and I shuffle to the waiting room.

Sitting with family and friends.
We’re running out of caring talk.
Some check smart phones
for word from the outside world.
I listen to the prayer circle
in the next family space.
A minister prays for Jesus
to intercede.

In another space, a tv plays
a hospital show. The sound is muted,
but blood clearly drenches victims of a car crash.
It makes me scratch my head.
Watch a hospital fiction while
the real drama plays out
in a dozen rooms down the hall?

There’s a lot going on
in the waiting room.
A young girl combs
her Barbie’s hair,
while her brothers
play with plastic Xmen.
Their mother is curled up
asleep in a recliner.
Behind me, a bottle of soda
is dispensed with a bang
from a drink machine.
Three middle aged men
in black biker vests
look for a seat, find none,
and walk away.

It’s the waiting that gets to you.
How long should you stay
until you feel like you paid
your respects, prayed
and delivered words of caring?
Even though you’re not sure
if they are heard?
Only to drive home to wait again
in more familiar surroundings,
until it’s time to drive back
and wait some more.

ROYAL BABY

ROYALTY
By David Allen

Why do Americans
spend so much time
enraptured by British Royalty?
Baby princes and princesses
take up 5 minutes of the nightly news,
pushing some local story
out of the night’s line up.
And who cares
if the Queen Mother
had a fall and stubbed her toe?
Didn’t we fight two wars against these
born to rule and wealth assholes?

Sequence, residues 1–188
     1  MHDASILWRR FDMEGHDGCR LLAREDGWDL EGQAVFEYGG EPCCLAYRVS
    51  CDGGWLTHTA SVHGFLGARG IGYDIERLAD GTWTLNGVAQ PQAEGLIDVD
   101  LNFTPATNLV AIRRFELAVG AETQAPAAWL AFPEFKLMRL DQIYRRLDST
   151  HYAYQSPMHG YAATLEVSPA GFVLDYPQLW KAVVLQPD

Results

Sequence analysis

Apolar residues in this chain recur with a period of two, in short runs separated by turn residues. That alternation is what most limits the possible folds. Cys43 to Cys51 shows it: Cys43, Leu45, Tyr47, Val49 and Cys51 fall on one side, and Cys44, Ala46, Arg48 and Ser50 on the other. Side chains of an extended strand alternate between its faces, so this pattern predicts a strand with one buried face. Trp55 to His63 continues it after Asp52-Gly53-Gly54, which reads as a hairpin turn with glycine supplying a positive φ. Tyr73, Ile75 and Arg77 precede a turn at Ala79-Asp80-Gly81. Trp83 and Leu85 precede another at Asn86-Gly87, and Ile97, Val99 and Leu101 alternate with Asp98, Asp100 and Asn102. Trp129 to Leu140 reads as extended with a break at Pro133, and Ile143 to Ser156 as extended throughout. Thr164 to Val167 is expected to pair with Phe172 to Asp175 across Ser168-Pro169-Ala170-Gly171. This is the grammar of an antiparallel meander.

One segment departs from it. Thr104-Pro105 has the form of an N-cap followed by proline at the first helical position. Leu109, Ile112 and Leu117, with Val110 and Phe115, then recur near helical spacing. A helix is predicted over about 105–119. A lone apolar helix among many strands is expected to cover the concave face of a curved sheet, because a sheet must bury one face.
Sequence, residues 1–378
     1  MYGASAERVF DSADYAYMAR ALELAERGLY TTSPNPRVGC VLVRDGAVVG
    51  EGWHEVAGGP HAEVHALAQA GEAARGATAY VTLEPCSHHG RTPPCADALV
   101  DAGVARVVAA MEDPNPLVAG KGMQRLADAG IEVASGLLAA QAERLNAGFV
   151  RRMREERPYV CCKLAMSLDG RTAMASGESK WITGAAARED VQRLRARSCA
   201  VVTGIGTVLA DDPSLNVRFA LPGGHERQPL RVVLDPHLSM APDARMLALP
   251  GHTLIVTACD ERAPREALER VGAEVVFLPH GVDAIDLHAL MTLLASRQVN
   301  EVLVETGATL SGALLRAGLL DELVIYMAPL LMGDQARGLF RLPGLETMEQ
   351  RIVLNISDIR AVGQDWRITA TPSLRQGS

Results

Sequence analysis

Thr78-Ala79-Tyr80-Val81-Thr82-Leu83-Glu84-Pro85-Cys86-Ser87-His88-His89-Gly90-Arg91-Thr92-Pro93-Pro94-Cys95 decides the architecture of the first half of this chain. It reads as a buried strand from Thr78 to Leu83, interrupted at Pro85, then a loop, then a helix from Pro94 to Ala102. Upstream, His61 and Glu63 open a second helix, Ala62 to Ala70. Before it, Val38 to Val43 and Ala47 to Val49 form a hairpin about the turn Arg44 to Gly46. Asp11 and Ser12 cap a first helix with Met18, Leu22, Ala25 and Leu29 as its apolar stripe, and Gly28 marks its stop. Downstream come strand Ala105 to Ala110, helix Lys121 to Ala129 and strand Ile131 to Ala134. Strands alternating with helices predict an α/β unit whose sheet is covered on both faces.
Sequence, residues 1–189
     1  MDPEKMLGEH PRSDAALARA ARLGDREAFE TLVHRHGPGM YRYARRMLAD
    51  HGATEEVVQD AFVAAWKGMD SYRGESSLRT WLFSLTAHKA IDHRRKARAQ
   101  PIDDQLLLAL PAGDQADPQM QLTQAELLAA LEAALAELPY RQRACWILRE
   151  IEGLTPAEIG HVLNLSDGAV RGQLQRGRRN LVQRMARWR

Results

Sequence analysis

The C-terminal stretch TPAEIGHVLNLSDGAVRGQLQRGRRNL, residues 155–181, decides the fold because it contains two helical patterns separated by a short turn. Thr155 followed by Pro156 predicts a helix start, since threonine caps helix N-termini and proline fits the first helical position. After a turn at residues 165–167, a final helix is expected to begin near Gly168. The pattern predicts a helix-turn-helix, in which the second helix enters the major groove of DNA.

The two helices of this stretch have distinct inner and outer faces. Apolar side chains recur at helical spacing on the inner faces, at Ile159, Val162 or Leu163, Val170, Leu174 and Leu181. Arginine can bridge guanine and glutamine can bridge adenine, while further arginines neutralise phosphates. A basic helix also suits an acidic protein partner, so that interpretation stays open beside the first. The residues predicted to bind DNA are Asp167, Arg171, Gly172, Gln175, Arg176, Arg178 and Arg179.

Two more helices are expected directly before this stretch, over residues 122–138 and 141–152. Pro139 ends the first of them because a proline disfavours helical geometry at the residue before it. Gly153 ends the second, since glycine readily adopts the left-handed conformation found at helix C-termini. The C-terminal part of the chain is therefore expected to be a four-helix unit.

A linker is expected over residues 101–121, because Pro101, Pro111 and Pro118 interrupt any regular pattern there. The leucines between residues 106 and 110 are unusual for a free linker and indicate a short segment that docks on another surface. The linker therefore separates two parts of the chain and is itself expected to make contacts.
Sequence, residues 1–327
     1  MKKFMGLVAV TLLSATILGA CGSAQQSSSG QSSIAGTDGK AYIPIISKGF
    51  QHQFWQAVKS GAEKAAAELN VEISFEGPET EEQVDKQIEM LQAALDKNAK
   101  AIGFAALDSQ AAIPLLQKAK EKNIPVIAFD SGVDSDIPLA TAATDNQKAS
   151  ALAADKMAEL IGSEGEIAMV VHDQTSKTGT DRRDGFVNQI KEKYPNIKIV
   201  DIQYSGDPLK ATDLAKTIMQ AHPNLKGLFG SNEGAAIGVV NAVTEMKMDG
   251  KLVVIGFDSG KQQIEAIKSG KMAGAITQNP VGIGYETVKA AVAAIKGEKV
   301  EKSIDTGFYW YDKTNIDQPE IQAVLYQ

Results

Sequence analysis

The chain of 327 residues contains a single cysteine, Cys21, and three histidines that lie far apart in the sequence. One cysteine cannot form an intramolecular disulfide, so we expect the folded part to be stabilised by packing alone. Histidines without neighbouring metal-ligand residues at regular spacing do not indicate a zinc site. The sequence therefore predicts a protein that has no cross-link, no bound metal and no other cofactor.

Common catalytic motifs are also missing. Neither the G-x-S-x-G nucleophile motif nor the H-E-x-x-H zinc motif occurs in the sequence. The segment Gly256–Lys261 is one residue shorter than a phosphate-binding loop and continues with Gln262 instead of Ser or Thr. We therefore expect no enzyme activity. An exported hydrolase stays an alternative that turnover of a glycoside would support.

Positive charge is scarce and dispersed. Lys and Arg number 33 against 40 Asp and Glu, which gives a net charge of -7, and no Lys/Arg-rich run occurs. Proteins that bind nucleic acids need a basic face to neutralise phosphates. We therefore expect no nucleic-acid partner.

Screw them.
(Hell we have our own
entitled rich to take on.)
So, you want to defend royalty?
Put up your dukes!

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David Phones

Daily News
By David Allen

No news today
I’m on vacation;
slept late,
no daily work routine,
no papers to read,
no e-mail to answer,
no radio, TV or
Internet news reports
to slog through.
I’m free.

Until the cell phone rings.
An editor from a thousand
miles away says something
big happened today,
can I drop the nothing
I am doing and log-on?
Make some phone calls?
Get some reaction,
find some local color,
something new to feed
the copy beast?
Can I crank out something
for the next news cycle?

Sure, I say, what the hell,
maybe nothing will happen
tomorrow.

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BAWLING FOR COLUMBINE
(Aurora, Phoenix, Oak Creek, Newtown, and Parkland)

“From my cold dead hands,”
Moses spoke, raising his gun,
the angels shuddered.

 

NOTE: This week’s gathering of the Gun Nuts — I mean the National Rifle Association — in Indianapolis sent me back to this poem I wrote after watching Charlton Heston speak at an NRA convention shortly after the Columbine High Massacre 20 years ago.

NOTRE DAME

HISTORY BURNS
By David Allen

The past went up in flames last night
lighting up the Paris sky.
A pyre birthing a billowing plume of smoke
as eight centuries of human religious
and engineering history rose to heaven
as bystanders sang sad hymns.

An accident during renovation
resulted in the devastation
and only the massive stone outer walls
with flying buttresses survived.